Months before the general election,
voters endorsed two openly gay candidates to elected office.
In Portland, Oregon, the mayoral
election was decided in May, when openly gay Sam Adams won a
mail-only primary over several opponents. There will be no general
election for Adams because he secured the majority vote (59%).
Adams will become Portland's first
openly gay mayor on January 1st, and the first to run one of the 30
largest cities in the United States.
A first-term city commissioner, Adams
was endorsed by the Gay and Lesbian Victory Fund, a group committed
to increasing the number of openly gay, lesbian, bisexual and
transgender elected officials at all levels of government.
In his victory speech, Adams said he
was shocked by the results.
But the Democrat is no novice to
politics; he served eleven years as Chief of Staff to former mayor
“In Oregon, fairness has won the
day,” said Gay and Lesbian Victory Fund President and CEO Chuck
Wolfe. “[The election of Sam Adams as mayor] means that people who
are openly gay, lesbian, bisexual or transgender can also be seen as
capable, committed leaders whose sexual orientation or gender
identity is less important than what they plan to do for their
communities. That's a step towards equality we want to replicate
In Portland, being gay appeared to be a
non-issue in local media coverage of the mayoral race. The same was
true for Jared Polis, who appears likely to become the first openly
gay representative elected to Congress.
Colorado businessman Jared Polis won
Colorado's 2nd Congressional District Democratic primary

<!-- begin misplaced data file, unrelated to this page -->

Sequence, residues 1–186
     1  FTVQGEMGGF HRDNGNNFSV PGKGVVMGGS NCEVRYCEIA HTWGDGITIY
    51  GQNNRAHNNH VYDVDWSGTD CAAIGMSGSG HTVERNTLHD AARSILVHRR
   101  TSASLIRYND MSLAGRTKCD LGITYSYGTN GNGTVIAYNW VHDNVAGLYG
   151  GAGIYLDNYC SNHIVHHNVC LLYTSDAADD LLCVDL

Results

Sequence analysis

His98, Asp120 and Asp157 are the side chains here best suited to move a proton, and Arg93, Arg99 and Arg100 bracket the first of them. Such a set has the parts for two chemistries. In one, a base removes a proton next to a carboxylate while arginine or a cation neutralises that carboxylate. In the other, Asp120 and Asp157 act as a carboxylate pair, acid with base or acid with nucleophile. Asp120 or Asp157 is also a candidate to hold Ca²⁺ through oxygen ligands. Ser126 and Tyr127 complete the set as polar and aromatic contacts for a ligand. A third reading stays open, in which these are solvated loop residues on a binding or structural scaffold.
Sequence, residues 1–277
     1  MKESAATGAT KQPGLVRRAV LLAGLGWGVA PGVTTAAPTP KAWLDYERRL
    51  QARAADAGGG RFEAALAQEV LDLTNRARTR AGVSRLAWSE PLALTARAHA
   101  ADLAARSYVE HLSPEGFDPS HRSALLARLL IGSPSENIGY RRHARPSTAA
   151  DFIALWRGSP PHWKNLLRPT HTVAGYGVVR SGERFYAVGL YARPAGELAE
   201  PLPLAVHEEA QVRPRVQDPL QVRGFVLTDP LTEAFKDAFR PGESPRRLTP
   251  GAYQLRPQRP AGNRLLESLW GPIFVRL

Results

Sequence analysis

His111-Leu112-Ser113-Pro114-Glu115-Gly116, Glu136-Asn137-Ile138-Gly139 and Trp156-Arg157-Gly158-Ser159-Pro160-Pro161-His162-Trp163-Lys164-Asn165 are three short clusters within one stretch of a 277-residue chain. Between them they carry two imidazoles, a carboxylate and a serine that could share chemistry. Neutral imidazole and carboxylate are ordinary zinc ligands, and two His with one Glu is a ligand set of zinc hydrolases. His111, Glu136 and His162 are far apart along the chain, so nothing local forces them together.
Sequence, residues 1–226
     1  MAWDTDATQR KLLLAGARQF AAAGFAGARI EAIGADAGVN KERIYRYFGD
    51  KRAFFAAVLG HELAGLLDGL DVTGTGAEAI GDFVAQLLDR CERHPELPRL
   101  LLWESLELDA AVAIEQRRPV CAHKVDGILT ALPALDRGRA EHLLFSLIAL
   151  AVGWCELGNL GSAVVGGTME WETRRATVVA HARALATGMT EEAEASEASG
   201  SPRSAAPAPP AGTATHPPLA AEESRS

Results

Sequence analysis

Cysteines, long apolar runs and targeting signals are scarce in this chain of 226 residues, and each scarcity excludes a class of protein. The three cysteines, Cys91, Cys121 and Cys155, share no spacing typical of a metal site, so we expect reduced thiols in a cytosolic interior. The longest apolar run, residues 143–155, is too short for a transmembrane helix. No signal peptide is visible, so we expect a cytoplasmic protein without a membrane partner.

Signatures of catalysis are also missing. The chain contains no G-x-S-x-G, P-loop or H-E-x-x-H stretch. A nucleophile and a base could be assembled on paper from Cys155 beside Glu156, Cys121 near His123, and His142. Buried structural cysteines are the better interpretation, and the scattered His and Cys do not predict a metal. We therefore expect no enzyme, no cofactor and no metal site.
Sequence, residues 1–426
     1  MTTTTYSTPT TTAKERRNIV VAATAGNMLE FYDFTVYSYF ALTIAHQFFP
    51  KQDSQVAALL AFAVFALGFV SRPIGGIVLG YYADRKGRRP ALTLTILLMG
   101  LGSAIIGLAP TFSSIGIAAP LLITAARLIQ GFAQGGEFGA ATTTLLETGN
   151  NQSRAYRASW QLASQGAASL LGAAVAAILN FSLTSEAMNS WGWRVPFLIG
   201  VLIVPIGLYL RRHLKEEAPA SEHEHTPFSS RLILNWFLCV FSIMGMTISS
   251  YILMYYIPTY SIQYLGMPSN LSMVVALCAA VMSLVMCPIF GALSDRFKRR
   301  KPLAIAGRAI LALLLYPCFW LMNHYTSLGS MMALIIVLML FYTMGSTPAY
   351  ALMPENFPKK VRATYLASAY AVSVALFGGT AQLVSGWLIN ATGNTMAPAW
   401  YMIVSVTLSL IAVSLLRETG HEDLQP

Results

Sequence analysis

race in August. Because his district is a Democratic stronghold,
Polis will make history as the first openly gay man elected to the
House. (Massachusetts Representative Barney Frank confirmed he's gay
while serving his second term.)
“The chances of a Republican winning
in this district are zero,” Bob Loevy, a professor of political
science at Colorado College, told Time.
Polis, who has served for six years on
the Colorado State Board of Education, is no stranger to politics,
but he's better known for his philanthropic giving. He founded
schools both for the homeless and for immigrants with the millions he
accumulated from Internet companies ProFlowers.com and
Polis, 33, has vowed to be a vocal
champion of gay & lesbian issues. On his website
(polisforcongress.com) he addresses America's most pressing gay and
lesbian inequalities, such as workplace discrimination, marriage
rights, and the military's ban on gay and lesbians serving openly.
“To strengthen our national defense,
we must cease the removal of capable and courageous members of our
military based exclusively on their openness about their sexual
orientation,” Polis said.
If a gay Congressman from Colorado
strikes you as odd, it should. It certainly would have been
unimaginable 15 years ago when voters in the state passed a
constitutional amendment prohibiting laws to protect gays and
lesbians from discrimination. The U.S. Supreme Court found the law
unconstitutional in 1997.
While Polis faced a tough three-way
primary race against challengers Joan Fitz-Gerald and Will Shafroth,
neither raised the issue of Polis being gay during the campaign.
“Sexual orientation shouldn't be a
barrier to participate in the public sphere,” Polis told Time.
“It's a difficult issue for my opponents to try to use against me
overtly without a backlash, but there have been some jabs,
insinuations and whisper campaigns.”
That did not keep Polis from
campaigning at Gay Pride festivals or including his longtime partner,
writer Marlon Reis, in his campaign.
Voters may have settled on Polis and
Adams to make history, but another 100 Victory Fund endorsed, openly
gay, lesbian, bisexual or transgender candidates for elected office
will be anxiously waiting their fate next week as voters head to the
polls. Learn more about each at www.victoryfund.org.